Calgary-based charity to bring a free vet clinic to Airdrie on Dec. 3

David said it’s important that pet owners provide their furry friends with check-ups. The free clinic aims to relieve stress and to foster a bond between the owner and their pet.

A Calgary-based charitable organization that specializes in keeping owners and their pets together through subsidized pet care for low-income individuals will be hosting a free wellness clinic in Airdrie in partnership with a local vet on Dec. 3.

Parachutes for Pets is an organization that services southern Alberta communities, helping seniors, veterans, foster children, victims of violence, and low-income families to care for their pets through accessible programs and resources.

According to founder Melissa David, the non-profit organization is partnering with local veterinarian office Fen Vet for the holiday wellness clinic, which will run from 9 am to 3 pm Participants are encouraged to register for the clinic beforehand to reserve their spot.

“If you know anybody in Airdrie that’s struggling right now, we really want to make sure our seniors are aware of this,” David said in an interview. “Anyone that’s struggling with pet care right now and needs their pets [checked]please reach out to us, because we want to make sure they get a slot.”

The organization ensures owners can care for their pets by providing paid-for pet food, and veterinarian services. The holiday wellness clinic, hosted each year around Christmastime, includes free pet vaccinations and wellness check-ups.

David said Christmas can be an especially hard time for many pet owners, financially and otherwise.

“Anything that’s going on you might need help with, we offer this vet clinic, and we go an extra mile, and every pet gets to go home with a stocking full of toys and treats,” she said.

There will also be a goodie bag for the owners to take home with them including some hygiene items and treats as well.

“It’s just a really good, feel-good day, and it is one of the foundations of our organization,” David said, adding the non-profit has hosted the annual clinic for four consecutive years. “We just love doing this [event]we are so excited about it.”

According to David, this year’s event is going to be the most important wellness clinic the organization has hosted due to ongoing economic struggles throughout the pandemic and into 2022.

“Pet care, preventive care, is so important. An ounce of prevention is worth a pound of cure,” she said. “But right now, when people are paying over $10 for lettuce, they don’t have that extra money to put into preventative care.”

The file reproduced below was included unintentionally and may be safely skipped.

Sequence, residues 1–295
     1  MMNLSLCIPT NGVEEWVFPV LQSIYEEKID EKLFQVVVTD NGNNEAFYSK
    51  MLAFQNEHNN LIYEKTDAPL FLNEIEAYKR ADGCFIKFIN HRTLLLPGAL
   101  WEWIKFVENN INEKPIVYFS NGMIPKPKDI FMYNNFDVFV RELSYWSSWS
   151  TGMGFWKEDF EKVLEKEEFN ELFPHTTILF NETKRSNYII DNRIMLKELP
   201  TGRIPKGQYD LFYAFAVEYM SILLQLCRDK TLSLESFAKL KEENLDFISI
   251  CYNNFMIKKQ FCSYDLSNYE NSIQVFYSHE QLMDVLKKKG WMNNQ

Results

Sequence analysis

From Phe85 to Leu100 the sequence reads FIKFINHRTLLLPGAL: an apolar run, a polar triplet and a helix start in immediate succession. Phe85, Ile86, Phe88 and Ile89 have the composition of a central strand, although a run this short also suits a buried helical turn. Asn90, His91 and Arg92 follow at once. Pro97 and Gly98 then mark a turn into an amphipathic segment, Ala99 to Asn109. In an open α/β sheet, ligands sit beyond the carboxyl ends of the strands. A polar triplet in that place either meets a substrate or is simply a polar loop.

She said it’s important that pet owners provide their furry friends with check-ups. The free clinic aims to relieve stress and to foster a bond between the owner and their pet.

“We all love our furry friends and it’s important that we can provide them the opportunity to have them look at,” she said. “I’m sure it’s stressful for [the owners] because it’s not that they don’t want to get them looked at, but I mean, the money’s not there.”

In previous years, the event has been held at veterinarian clinics across Calgary, and this is the first clinic hosted outside the large urban center, said David.

“This year, we got to chat with the good folks at Fenn Vet in Airdrie and we haven’t been able to offer our services out to Airdrie yet,” she said. “They came on board, and we’ve put it out to the citizens of Airdrie and the response has been really good so far. It’s the first of its kind in Airdrie.”

She said though the organization services communities across southern Alberta, the majority of their assistance and sponsorship comes from Calgary, which is home to more resources than smaller cities and communities.

“It’s tough to get a smaller town or city vet clinic able to free up enough resources to do this event,” she said. “We were so excited when Fenn Vet said they would make this happen. We feel very strongly that Airdrie could benefit from this

“And we’re hoping, other smaller areas will see this and take the initiative and reach out, maybe we can continue this going.”

David said he reached out to Airdrie’s low-income housing support group and senior clubs, and the response has been overwhelmingly positive.

She added what has stayed consistent over the years is the involvement of the Stampede City Kinsmen, who have put forward a lot of sponsorship each year to make the clinic happen.

“A bunch of [the Stampede City Kinsmen] live in Airdrie, so they’re going to be on-site that day and I think we’re just all excited to come to Airdrie,” she said. “We hope this is the beginning of a lot more in Airdrie.”

To register for the upcoming event, visit

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